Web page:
|Sep-29-04|| ||clocked: Black does nothing to challenge white's dubious opening play. White achieves perfect piece placement and executes the attack.|
23...h5!? would have at least presented white with a puzzle.
24.Qxh5 f5 25.g6 Bxg6 26.Qxg6 Nxf4 27.Rxf4 Qxf4 28.Bxd4 Rxd4 29.Qxe6+ Kh7 30.Qxe7 fxe4
24.Bxd4 cxd4 25.Qxh5 f5 26.g6 Bxg6 27.Qxg6 Nxf4 28.Rxf4 Qxf4 29.Qxe6+ Kh7 30.Nce5 Qg5 31.h4 Qf4
24.Bxd5 Rxd5 (exd5? Rxe7!!)
|May-05-05|| ||aw1988: A model game, in fact one of which which made me think as a teenager about playing seriously. It was shown to me by my father, who was completely infatuated with it, and I must say I am too. Steinitz's occupation with the e5-square is godlike.|
|May-05-05|| ||fgh: Steinitz plays like Nimzowitsch here. The e5 square is super-overprotected and white can launch an attack thanks to it.|
|May-15-05|| ||fred lennox: <Steinitz plays like Nimzowitsch here.> The game shows one can control the center without pawns occupying it. Also shows when a strong center is established, a flank attack is ripe. .|
|May-15-05|| ||Gypsy: Steinitz' use of e5 in the game is an excellent example of the concept that Nimzowich describes under the German label "lavieren" (I can not figure out its english term).|
|May-15-05|| ||tamar: <Gypsy> I tried to figure out what "lavieren" is from the game. Would the term "hub" fit, as the spot that Steinitz wants to keep open for any of several pieces to fill?|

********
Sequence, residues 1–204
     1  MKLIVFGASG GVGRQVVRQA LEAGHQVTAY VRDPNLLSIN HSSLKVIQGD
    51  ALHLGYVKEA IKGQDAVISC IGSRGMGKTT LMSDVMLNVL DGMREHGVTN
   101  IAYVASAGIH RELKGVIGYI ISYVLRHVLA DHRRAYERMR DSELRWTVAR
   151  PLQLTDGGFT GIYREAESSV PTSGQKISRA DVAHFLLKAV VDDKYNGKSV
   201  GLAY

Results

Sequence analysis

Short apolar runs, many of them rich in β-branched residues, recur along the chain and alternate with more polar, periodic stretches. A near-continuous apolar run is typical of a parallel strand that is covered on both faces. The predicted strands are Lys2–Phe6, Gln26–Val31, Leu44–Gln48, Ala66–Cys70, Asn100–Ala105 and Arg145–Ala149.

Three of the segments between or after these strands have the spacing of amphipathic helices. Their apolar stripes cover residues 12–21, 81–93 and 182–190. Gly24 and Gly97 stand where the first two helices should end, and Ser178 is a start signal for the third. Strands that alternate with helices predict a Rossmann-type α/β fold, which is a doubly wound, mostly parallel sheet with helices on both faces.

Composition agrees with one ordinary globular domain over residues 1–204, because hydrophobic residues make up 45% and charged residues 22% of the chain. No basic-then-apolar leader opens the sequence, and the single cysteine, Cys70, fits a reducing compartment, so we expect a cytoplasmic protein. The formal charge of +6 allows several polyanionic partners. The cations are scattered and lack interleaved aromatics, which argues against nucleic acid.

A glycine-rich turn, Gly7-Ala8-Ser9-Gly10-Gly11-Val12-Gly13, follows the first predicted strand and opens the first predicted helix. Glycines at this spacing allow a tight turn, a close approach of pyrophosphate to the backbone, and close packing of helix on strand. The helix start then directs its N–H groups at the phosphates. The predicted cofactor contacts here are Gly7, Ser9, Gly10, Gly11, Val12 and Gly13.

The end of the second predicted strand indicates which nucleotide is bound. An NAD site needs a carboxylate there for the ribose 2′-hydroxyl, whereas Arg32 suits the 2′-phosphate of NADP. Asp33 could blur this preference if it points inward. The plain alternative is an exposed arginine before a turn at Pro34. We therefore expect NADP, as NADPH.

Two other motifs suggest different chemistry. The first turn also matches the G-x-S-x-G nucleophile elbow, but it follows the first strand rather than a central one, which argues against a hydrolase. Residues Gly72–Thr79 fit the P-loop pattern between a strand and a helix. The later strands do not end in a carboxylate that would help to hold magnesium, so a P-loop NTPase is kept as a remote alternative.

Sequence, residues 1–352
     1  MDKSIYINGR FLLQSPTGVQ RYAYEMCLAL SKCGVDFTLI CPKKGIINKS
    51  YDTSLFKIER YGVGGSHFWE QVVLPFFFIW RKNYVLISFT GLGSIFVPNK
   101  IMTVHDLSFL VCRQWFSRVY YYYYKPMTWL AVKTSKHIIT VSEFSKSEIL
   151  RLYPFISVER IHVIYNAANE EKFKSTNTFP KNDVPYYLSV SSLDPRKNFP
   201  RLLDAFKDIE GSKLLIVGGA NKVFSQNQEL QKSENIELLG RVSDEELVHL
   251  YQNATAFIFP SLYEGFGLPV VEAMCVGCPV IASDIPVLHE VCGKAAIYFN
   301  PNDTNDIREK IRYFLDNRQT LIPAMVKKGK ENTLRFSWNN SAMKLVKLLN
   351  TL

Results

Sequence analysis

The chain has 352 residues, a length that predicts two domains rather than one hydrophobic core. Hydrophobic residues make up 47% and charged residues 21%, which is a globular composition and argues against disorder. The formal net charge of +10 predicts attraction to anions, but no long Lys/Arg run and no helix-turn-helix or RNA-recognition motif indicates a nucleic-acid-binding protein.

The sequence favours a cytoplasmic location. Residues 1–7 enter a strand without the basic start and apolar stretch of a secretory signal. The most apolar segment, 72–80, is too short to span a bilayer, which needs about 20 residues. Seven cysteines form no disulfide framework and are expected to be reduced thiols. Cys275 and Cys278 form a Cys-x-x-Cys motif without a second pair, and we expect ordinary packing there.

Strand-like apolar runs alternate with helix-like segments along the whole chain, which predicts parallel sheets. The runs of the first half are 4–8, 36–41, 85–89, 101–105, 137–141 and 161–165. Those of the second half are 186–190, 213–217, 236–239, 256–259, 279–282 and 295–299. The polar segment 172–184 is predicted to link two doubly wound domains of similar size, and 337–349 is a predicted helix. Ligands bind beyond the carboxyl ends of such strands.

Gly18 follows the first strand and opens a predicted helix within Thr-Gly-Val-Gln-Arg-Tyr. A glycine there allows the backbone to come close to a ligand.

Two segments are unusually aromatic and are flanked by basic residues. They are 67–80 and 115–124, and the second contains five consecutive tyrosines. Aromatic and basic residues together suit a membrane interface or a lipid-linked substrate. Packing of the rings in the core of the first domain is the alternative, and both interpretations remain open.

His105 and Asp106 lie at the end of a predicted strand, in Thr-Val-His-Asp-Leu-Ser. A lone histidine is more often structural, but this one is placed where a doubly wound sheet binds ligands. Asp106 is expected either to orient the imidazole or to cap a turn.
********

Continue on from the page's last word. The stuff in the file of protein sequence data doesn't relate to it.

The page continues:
"Lavieren" has a meaning in water colors as a washable layer that can create a depth when overlayed, I have just found out.
|May-15-05|| ||Calli: A little searching came up with this additional definition:|
"mein Wörterbuch sagt: to maneuver"
So it appears Nimzo is saying e5 is a maneuvering point. <Tamar>'s hub idea is pretty much it.
|May-15-05|| ||Gypsy: <tamar> Yes, e5 here can be viewed as the hub or crossroads (Nimzo calls it 'axis', which is less then optimal term) through which pieces pass as they attack different weaknesses and create different threats. The term 'lavieren' literary refers to (1) sailboats tacking the wind, or (2) maneuvers that change flexibly according to situation. The second meaning is probably of latter vintage. |
<Lines of communication pass practically invariably through a certain square, which forms a kind of axis of the 'laviering' operation. The relationship between this square and piecess that pass via this point into enemy teritory corresponds to the contact between a "strong point" and its "overprotection".> Aron Nimzowich, "Chess Praxis, Chapter Five: 'Laviering' against enemy weak points with space advantage."
|May-15-05|| ||tamar: If so, it reminds me of the saying that you should place your pieces on the wrong squares in the opening so that the right squares are available to move to in the middlegame!|
|May-15-05|| ||Gypsy: <tamar> Lol. Never heard of that maxim. It paraphrases the concept of 'laviering' in quite an ammusing way.|
I believe that Nimzo used the term 'laviering' as a badge of honor. It was a condescending term used by some clueless anotators for Nimzowich maneuvers. (... Over the next 15 moves, master Nimzowich resorts to 'laviering' his piecess left, right, and left again, awaiting a mistake by his cramped oponent...) Maneuver, that was something noble, purposeful; Nimzowich maneuvers in turn were often of mysterious, baroque design, wood shifting certainly just designed to fish or drag tired oponent down ... simply 'laviering'.
|Apr-28-11|| ||LIFE Master AJ: Saw R. Keene's tweet on this game. Wow!|